The fall in household consumption in Nigeria will stem from 1) partial (or full) restrictions on movement, thus causing consumers to spend primarily on essential goods and services; 2) low expectations of future income, particularly by workers in the gig economy that are engaged on a short-term/contract basis, as well as the working poor in the informal economy; and 3) the erosion of wealth and expected wealth as a result of the decline in assets such as stocks and home equity. The federal government has imposed a lockdown in Lagos and Ogun states as well as Abuja (which have the highest number of coronavirus cases combined). Subnational governments have quickly followed suit by imposing lockdowns in their states. Nigeria has a burgeoning gig economy as well as a large informal sector, which contributes 65 percent of its economic output. Movement restrictions have not only reduced the consumption of nonessential commodities in general, but have affected the income-generating capacity of these groups, thus reducing their consumption expenditure.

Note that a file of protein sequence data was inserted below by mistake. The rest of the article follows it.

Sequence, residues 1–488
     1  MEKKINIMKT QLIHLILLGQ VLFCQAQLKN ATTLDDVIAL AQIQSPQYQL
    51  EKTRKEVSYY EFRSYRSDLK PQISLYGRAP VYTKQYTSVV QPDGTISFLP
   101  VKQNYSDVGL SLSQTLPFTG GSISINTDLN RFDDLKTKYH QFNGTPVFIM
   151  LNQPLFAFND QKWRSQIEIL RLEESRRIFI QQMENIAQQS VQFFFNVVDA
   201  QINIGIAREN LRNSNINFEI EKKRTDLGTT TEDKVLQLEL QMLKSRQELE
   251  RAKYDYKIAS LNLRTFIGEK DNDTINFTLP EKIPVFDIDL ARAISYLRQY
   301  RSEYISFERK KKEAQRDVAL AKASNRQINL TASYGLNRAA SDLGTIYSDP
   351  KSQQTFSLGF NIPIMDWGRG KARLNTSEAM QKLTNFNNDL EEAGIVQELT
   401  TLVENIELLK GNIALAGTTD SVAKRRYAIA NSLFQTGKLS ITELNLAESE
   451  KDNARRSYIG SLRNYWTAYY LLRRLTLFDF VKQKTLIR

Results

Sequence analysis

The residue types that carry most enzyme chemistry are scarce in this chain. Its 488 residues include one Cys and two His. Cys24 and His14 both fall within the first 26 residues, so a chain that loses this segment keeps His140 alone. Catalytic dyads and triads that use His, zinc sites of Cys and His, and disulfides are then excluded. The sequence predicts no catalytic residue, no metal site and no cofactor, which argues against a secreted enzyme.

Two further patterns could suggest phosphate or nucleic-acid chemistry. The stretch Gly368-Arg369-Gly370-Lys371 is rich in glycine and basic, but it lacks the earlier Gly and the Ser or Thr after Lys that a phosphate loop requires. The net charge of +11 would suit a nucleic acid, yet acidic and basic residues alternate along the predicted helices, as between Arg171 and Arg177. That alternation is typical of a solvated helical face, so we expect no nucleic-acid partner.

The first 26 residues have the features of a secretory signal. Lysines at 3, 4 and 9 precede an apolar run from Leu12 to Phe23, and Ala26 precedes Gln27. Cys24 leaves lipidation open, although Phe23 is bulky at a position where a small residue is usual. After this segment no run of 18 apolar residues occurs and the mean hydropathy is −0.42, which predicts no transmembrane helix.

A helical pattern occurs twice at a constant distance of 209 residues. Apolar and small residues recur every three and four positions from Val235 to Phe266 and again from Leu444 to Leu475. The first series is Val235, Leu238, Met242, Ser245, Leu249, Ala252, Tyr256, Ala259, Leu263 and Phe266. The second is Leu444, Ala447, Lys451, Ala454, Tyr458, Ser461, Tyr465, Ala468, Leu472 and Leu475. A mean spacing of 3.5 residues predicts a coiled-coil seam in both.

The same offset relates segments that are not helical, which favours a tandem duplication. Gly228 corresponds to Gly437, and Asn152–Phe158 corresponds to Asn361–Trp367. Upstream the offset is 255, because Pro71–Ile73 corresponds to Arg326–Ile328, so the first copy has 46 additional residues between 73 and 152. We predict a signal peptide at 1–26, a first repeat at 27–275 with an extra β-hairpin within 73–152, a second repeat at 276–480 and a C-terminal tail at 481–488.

Investments by firms will be impeded largely due to the uncertainties that come with the pandemic-limited knowledge about the duration of the outbreak, the effectiveness of policy measures, and the reaction of economic agents to these measures—as well as negative investor sentiments, which are causing turbulence in capital markets around the world. Indeed, the crisis has led to a massive decline in stock prices, as the Nigerian Stock Exchange records its worst performance since the 2008 financial crisis, which has eroded the wealth of investors. Taking into consideration the uncertainty that is associated with the pandemic and the negative profit outlook on possible investment projects, firms are likely to hold off on long-term investment decisions.